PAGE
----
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Is Fear Stopping You From
Being Involved In Your Stepkids' Lives?

body of woman, rubbing her hands together from worry

I often hear this: "The stepkids don't love me; they don't even like me." "Their mom hates the idea of having me around, and I can't seem to be doing anything right." "I get so upset that all I want to do is hide or give up."

This is a common theme among many stepmoms, believing the children don't want them around. Although there is some truth in this conviction, it's not always accurate either.

Most stepmoms come into the relationship with good intentions. They want to help, be part of the family, and feel included. They start by organizing the home, planning meals, doing laundry, pickups, and drop-offs, all with the intention of making life easier for everyone, including the stepkids.

But when the household doesn't respond the way stepmom expected or even anticipated, rejection sets in, and she pulls back. She's feeling hurt. Her partner senses there's something not quite right. Tension builds up and tempers flare. The stepkids retreat into their world of computers and video games, not wanting to be a part of the drama.

Now the cycle begins.

The more stepmom retreats, the more the kids act up or retreat. The little gremlins start telling stepmom, "You see, I told you the kids don't like you. They don't even want to talk with you anymore." And she starts to believe her gremlins. The more stepmom listens, the further she withdraws.

I have nothing against pulling away and stepping back from doing too much in the home, from becoming over-involved. If you're finding yourself taking over for dad and/or mom, then yes, by all means, it's time for you to take a step back. Your stepkids will resent you for taking charge when in reality, what they want is for their parents to step up.

Pulling away may not be the answer.

You might be tempted to think that pulling away from the stepkids makes everyone happier. This could be true, but it might also make the situation worse. There are different reasons for backing off, as I mentioned above. If you're retreating because you're afraid of getting hurt, of building a relationship with your stepkids, hear me out.

What I want to address here is being afraid of building a relationship with your stepkids for fear of getting hurt. It's about building a wall around yourself so that you won't feel distressed, isolated, or rejected by your stepkids. It's a form of control over others by keeping your distance. It may feel safe at the moment to avoid confrontations; unfortunately, it will also leave you feeling empty and invisible.

What you can do instead.

Here are a few suggestions you might consider trying instead of surrounding yourself behind a wall. Approach your stepkids from the perspective of getting to know them as individuals rather than extensions of their parents.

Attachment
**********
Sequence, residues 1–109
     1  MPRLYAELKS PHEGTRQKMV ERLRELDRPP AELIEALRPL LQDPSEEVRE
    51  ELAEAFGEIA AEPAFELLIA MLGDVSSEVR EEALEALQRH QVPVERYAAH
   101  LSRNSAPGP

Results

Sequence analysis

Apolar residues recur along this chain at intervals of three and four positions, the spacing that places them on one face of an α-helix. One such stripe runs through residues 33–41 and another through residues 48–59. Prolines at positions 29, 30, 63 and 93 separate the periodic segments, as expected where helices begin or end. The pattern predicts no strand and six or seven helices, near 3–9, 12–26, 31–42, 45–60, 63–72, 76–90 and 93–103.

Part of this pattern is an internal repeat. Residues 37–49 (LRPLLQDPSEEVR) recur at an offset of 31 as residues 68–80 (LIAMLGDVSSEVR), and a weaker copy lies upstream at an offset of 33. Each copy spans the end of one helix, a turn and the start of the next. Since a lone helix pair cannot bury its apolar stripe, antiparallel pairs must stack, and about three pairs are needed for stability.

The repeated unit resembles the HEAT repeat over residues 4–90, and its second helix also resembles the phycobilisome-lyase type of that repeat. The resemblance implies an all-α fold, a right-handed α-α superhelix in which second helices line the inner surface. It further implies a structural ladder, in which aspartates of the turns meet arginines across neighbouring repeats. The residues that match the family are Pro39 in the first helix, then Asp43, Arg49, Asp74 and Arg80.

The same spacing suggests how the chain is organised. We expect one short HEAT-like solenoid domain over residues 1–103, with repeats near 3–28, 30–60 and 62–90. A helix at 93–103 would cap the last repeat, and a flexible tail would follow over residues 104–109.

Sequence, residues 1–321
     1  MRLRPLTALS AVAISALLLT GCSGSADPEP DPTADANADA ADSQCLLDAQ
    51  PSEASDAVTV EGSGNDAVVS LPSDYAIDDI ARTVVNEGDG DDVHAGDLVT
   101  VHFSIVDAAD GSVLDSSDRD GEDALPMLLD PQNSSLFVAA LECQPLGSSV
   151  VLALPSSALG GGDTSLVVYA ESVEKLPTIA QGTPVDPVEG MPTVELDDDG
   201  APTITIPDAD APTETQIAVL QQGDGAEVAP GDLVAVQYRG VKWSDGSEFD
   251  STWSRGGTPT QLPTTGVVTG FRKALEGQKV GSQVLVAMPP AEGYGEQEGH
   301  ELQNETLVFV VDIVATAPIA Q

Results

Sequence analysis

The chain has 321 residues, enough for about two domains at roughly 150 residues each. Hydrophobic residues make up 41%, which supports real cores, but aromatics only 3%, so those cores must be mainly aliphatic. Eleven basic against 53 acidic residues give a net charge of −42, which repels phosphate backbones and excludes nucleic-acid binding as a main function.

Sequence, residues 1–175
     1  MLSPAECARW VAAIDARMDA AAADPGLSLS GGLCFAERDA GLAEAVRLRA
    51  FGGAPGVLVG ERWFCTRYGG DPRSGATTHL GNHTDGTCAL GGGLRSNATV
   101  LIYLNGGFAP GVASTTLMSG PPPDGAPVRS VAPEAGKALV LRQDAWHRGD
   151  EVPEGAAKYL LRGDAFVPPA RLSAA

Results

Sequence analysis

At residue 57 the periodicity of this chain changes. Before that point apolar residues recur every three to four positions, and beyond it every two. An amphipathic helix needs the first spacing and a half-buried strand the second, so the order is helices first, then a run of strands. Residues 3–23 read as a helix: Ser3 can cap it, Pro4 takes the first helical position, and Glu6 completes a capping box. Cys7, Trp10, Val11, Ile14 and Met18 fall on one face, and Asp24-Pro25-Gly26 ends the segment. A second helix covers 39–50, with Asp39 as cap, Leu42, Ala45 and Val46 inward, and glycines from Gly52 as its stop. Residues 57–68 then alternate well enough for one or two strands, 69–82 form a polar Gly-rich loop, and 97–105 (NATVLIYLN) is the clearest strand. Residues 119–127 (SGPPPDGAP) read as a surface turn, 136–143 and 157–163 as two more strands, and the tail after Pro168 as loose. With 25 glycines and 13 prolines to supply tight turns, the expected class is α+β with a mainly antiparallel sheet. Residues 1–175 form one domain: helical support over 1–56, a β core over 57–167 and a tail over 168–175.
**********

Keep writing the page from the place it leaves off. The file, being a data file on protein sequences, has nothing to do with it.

Who are these stepkids of yours?

What are their interests?

What makes them tick? 

What do they value or believe in?

Try to find out what you have in common and begin there. If that seems farfetched, start with what their interests are and ask a few questions. If your stepson enjoys video games, ask him about the video, who the characters are, what the object of the game is, and where he is in terms of skill level. If you're stepdaughter's into music or fashion, ask her who is her favorite artist or designer and why. You might want to ask them about what foods they love and see if they might want to show you how they prepare their favorite meal.

When you replace fear with curiosity, your stepkids will start to open up to you. You start seeing them through different lenses. You build the "know, like, trust" factor that helps build relationships, one STEP at a time. And while this means you are being vulnerable to being hurt and rejected, it also means you are being included as a member of the family.

Want to talk more about your fears or concerns in getting close with your stepkids? Let's get together and see what we can do to connect with them and be a part of the family. 

Check out what I do here.

NOTE: Want to use this article for your blog, e-zine or Web Site? You are welcome to reprint this entire article verbatim if you include the following: “Claudette Chenevert is the Stepmom Coach and founder of Claudette Chenevert LLC. Claudette helps stepmoms navigate the nontraditional path of stepparenthood. Get your tools for creating the family life of your dreams by visiting https://www.stepmomcoach.com Claudette Chenevert, Claudette Chenevert LLC.”

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communication, conviction, divorced parents, home kids, rejection, remarriage, retreats, stepfamilies, stepmom, stepmoms, stepson, tension, youngsters

About the Author

CLAUDETTE CHENEVERT, aka The Stepmom Coach, works with women as they struggle to create a cohesive family life. As a speaker, author and stepfamily professional, Claudette mentors and guides stepmothers through the process of establishing a harmonious and thriving home life for their families. Her newest title, “The Stepmom’s Book of Boundaries,” is now available on Amazon.com and elsewhere. Learn about her coaching practice and self-study program for stepmoms at StepmomCoach.com.

Claudette Chenevert

The original content you just enjoyed is copyright protected by The Stepmom Coach—aka Claudette Chenevert—who proudly offers information, tips, products and other resources for building better relationships “one STEP at a time” via 1:1 coaching, self-guided coursework and more. Suitability is to be determined by individual users based on their own concerns and circumstances, as The Stepmom Coach does not endorse and is not liable for opinions expressed by third parties (i.e., advertisers, affiliates, audience members, clients).

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